I was left with confusion and questions regarding the headline "Honoring the fallen: Memorial Day 2020" and the articles' two-paragraph “editor's note” on Page A10 of the May 21, 2020. Star-Observer issue. The sentence "Printed here are the names of area veterans who died for our country" definitely skews the difference between Memorial Day and Veterans Day observances and holidays.

While it is always appropriate to honor those men and women who served and are serving in the United States Armed Services, Memorial Day is very specific in honoring those who were killed or died from direct military actions of a hostile nature. Veterans Days is a date, always Nov. 11, to honor all who honorably served in any of the military branches and includes both living veterans plus all veterans who have died, regardless of whether their death was related to hostile activity or not.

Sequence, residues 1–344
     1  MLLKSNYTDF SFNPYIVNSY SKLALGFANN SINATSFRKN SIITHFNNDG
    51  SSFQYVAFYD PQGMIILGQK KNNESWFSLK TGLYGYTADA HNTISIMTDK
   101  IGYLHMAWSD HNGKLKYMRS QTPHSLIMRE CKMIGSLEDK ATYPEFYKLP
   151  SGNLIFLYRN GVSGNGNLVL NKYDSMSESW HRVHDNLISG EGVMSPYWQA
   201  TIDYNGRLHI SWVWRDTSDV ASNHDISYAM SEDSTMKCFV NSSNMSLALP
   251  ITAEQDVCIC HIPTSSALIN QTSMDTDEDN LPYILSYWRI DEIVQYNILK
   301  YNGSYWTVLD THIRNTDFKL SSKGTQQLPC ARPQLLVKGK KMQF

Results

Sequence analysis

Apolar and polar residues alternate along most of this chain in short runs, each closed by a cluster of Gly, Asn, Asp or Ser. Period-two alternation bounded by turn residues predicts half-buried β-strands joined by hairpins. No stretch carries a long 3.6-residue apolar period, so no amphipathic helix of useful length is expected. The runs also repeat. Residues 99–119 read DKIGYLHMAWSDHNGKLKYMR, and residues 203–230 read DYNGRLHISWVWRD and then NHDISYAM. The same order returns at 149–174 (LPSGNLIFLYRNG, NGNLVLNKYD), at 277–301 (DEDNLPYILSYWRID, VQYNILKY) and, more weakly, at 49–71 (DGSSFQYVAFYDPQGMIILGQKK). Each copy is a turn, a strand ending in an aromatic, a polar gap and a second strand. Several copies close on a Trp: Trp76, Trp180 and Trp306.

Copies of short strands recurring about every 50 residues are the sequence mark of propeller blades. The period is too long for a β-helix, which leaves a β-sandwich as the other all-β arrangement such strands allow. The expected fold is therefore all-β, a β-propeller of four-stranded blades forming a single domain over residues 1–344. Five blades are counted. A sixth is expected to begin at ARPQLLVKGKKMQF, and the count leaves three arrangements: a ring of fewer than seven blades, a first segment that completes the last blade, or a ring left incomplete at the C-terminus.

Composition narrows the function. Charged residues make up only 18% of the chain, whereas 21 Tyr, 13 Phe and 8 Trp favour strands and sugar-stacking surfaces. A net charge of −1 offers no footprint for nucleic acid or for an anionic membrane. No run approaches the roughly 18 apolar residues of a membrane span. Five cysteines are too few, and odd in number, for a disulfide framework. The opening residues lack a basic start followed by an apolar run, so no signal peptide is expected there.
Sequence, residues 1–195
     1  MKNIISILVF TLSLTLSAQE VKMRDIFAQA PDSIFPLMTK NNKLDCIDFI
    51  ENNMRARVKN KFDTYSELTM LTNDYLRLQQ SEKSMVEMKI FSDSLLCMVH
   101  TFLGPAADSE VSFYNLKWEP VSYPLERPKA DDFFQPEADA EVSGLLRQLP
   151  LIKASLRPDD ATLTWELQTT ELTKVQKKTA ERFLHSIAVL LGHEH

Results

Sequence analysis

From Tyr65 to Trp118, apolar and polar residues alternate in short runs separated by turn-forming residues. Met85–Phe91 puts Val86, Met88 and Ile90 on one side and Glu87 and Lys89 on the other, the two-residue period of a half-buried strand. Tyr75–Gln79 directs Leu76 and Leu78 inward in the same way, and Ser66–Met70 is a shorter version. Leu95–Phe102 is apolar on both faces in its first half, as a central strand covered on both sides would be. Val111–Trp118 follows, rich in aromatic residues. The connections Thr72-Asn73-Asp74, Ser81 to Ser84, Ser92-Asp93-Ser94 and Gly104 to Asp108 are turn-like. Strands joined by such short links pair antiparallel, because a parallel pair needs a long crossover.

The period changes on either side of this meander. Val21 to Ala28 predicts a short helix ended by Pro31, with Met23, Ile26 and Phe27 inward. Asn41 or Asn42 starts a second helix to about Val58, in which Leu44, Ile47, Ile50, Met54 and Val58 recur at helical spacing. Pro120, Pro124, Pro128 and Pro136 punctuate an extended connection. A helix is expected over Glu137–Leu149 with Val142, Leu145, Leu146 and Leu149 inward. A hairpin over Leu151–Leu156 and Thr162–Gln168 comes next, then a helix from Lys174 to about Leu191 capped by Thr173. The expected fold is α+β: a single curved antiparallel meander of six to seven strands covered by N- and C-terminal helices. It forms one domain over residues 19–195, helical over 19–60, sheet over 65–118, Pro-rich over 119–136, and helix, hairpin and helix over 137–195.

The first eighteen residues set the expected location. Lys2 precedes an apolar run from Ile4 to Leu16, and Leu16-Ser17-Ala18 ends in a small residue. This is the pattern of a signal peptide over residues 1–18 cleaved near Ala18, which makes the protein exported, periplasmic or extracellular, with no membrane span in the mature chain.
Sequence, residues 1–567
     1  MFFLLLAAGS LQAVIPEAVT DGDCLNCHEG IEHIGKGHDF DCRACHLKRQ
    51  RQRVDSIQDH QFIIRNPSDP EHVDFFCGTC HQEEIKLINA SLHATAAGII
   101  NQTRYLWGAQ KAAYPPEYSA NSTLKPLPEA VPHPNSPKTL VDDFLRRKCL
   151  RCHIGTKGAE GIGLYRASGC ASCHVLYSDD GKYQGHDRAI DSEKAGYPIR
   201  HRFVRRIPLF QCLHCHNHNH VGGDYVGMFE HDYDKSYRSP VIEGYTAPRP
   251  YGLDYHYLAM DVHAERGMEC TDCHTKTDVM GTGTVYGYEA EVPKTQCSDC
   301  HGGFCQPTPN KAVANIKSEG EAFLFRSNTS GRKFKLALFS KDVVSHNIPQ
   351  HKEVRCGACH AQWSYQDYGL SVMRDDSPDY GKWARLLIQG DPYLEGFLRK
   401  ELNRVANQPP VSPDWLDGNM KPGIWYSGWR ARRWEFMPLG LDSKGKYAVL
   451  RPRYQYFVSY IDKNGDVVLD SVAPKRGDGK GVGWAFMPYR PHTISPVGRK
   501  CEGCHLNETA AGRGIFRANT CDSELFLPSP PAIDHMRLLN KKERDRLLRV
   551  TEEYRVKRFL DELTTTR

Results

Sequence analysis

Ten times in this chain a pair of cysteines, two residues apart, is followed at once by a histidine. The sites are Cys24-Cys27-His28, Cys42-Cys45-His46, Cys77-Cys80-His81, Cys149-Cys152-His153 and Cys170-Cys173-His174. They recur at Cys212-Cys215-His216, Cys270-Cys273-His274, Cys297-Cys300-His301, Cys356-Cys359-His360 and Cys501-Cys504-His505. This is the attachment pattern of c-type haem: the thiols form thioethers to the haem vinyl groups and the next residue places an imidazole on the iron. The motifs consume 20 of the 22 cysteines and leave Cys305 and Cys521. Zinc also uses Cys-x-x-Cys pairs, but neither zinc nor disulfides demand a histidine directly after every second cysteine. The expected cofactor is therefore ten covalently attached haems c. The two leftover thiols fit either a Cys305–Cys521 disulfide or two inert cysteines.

For example, I honor my Vietnam squad member Juan Rivera, killed by a B-40 rocket on Feb. 4, 1969, in Vietnam especially on Memorial Day, just as I again honor him, plus my father, sister, son, cousins and brothers-in-law on Veterans Day. Other than Juan, all served but returned from military service.

A third “honoring” holiday, Armed Forces Day, is designed to praise those actively serving in the military branches, but not yet discharged.

My intent is not to belittle the efforts of Star-Observer staff and others who compiled the lists of deceased veterans. However, relatively few from the list actually died under the circumstances for which Memorial Day is intended. I honor, always, all veterans and current service members, but I would not like to see the distinct differences between the three honoring holidays to be further misunderstood.

Thank you, all citizens, for keeping veterans like myself and Juan in your hearts and memories.

Richard Timmerman

River Falls

Past chair of the Wisconsin State Board of Veterans Affairs